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Tiri Fosola

Posola (Cooked Banana Tree Stem/Pith): Authentic and Treditional Deori Food.

A young Bheem -kol( i.e. a highly seeded variety of banana) fosolatree was cut to get this stem/pith....the dish made is known as POSOLA..cooking posola is a serious job. Posola is a health food ...good for digestive system and a very good source of iron and it is highly fibrous.

First outer layer of the pith is removed and it is cut into small pieces as shown.

Very little amount of oil is used (pref. mustard oil) to splutter few mustard seeds,and the stem is added ,after mixing it well with oil -little salt and cooked in medium heat for 20-25 minutes because of its high iron content it takes a dark color.

Traditionallt it is used to serve in a mass fest in a village.


Facts of Deori


The Bor Deori is the most respected person in the village

Patorganya – undisclosed missing among Four Groups

Only the people of Dibongiya class can speak their own mother tongue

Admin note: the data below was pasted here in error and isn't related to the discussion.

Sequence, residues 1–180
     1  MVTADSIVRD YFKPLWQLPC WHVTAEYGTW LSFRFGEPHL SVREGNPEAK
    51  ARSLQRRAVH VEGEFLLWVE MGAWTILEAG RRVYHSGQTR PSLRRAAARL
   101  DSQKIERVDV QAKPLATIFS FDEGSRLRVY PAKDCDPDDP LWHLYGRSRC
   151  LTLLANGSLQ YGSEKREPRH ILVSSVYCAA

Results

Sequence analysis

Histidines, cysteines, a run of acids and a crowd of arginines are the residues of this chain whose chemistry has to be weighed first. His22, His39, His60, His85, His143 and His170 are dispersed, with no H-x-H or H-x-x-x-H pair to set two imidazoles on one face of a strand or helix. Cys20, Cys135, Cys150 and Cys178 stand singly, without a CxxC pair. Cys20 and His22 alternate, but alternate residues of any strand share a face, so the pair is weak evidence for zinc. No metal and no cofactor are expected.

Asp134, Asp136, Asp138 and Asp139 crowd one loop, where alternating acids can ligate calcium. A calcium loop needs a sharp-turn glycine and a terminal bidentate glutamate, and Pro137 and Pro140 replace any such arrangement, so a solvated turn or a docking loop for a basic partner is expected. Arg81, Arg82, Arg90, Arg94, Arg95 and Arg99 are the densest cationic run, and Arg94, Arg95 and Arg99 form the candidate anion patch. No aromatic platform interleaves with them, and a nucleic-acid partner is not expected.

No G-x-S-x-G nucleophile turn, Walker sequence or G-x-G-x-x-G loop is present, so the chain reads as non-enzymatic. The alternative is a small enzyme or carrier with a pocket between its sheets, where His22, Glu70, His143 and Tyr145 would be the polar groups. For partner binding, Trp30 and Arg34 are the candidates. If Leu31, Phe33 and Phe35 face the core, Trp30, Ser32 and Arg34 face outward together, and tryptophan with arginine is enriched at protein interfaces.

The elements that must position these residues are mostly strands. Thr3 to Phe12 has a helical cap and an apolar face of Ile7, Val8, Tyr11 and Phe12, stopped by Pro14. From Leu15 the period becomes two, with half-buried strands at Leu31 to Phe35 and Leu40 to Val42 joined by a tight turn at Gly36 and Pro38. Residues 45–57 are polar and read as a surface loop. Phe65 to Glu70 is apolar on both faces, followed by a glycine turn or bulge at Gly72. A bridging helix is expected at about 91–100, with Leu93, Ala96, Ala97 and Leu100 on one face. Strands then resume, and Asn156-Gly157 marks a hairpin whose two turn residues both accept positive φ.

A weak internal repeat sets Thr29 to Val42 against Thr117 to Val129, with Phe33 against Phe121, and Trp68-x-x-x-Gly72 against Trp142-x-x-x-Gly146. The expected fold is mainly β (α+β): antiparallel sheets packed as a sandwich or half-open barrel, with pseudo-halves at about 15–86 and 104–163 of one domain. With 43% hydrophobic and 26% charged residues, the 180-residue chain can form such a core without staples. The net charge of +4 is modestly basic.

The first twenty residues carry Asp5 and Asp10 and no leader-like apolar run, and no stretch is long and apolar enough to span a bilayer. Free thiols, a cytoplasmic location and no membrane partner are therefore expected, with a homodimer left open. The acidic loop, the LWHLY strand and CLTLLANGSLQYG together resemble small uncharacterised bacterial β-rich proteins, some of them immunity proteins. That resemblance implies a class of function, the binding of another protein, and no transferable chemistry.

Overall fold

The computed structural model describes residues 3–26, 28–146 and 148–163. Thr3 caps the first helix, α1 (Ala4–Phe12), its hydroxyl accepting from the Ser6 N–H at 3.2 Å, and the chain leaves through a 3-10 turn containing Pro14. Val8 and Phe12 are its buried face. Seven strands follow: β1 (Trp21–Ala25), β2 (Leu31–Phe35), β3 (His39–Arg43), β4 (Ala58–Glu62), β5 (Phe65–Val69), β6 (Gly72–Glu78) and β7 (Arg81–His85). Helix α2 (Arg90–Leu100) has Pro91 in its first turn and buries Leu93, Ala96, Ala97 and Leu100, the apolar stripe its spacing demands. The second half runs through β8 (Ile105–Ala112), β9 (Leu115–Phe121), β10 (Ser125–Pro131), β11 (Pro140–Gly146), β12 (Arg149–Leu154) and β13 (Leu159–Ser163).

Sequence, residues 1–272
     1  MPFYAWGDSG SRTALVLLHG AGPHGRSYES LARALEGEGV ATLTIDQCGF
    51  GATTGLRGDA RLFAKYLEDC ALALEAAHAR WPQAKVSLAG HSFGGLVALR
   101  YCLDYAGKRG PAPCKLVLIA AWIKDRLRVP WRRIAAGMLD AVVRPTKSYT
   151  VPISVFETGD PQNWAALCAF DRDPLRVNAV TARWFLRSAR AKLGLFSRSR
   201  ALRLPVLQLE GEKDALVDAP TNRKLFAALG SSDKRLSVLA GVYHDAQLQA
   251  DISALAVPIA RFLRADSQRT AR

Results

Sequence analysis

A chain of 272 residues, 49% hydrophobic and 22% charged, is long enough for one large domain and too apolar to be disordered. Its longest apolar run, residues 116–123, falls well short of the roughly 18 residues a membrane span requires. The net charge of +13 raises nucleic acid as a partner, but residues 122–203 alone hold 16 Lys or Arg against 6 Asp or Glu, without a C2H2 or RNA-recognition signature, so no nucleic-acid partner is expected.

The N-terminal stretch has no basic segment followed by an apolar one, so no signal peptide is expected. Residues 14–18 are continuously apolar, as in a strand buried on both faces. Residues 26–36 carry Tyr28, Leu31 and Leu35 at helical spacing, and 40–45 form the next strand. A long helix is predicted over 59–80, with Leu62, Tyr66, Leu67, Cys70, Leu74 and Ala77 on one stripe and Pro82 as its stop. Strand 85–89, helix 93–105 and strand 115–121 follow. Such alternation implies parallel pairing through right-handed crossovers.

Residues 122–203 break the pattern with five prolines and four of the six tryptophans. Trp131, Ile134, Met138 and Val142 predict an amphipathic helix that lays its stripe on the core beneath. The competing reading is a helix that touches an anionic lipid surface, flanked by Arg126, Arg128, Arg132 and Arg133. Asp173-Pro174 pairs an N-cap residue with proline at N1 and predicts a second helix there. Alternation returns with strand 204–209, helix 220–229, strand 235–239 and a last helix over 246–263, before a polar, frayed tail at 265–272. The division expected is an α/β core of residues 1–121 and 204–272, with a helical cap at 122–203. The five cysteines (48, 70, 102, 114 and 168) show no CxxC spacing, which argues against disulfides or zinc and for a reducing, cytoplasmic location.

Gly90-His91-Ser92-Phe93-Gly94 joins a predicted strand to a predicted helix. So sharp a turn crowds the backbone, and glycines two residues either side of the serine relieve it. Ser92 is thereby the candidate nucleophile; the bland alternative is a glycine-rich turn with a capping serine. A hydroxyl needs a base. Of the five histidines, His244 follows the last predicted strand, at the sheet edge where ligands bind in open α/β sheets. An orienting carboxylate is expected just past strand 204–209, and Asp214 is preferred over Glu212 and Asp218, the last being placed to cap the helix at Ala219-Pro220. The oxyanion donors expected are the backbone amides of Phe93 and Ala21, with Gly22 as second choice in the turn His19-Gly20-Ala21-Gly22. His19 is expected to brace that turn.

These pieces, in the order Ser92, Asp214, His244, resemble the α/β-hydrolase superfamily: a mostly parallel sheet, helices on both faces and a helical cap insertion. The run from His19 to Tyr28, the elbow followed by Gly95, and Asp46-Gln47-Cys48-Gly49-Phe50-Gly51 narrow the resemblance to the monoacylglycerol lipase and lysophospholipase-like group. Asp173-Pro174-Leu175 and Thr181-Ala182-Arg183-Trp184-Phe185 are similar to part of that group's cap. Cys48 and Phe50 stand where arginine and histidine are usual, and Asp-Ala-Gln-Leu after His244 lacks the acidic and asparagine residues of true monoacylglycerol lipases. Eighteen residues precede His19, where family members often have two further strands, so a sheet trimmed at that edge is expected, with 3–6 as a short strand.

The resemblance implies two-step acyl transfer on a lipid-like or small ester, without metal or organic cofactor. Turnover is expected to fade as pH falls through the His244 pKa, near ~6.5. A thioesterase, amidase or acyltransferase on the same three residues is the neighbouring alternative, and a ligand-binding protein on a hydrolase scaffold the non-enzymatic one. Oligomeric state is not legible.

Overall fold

In 14th century A D. The Deoris were royal priests of The Chutiyas Kingdom

The Deoris are believed to have come to Sadiya before the first century

The Deori people believe in `Kundimama` which is the supreme power.

The Second Marriage in Deori Tribe is called "Suje Luguba"

The Deori Tribe of Assam came to India via Tibet and Burma

Each village of Deori people features a place of worship called ‘Deo-ghar'

The Deoris are divided into 24 clans.

The Deoris proudly introduce themselves as Jimo-Chhayan, meaning they are the children of the sun and the moon

Deori's use to make a Narbali (human sacrifice) in terms to win the war, battle and to prevent the villagers from the evil atmosphere like floods, drought etc. This practice make them pure owing to satisfy the supreme Goddess. Only the class of Patorganya people were eligible for sacrificing.

The Deoris women have no tradition to put sindur in their forehead as a mark of married women.

Deoris belonging to the Tengaponia sub clan do not take mutton or flesh of goat as it is forbidden according a legend clan.

The term "Deori" appears to be a later coinage derived from "Deva" which means a God.

Deori is a plain tribe of Assam, the worshipper of Kundimama (Kundi - Siva, Mama - Parvati)from ancient time maintaining their own custom and tradition.

According to 2001 census the total revenue villages of Deori in Assam are 133 and their population are 2,45,000.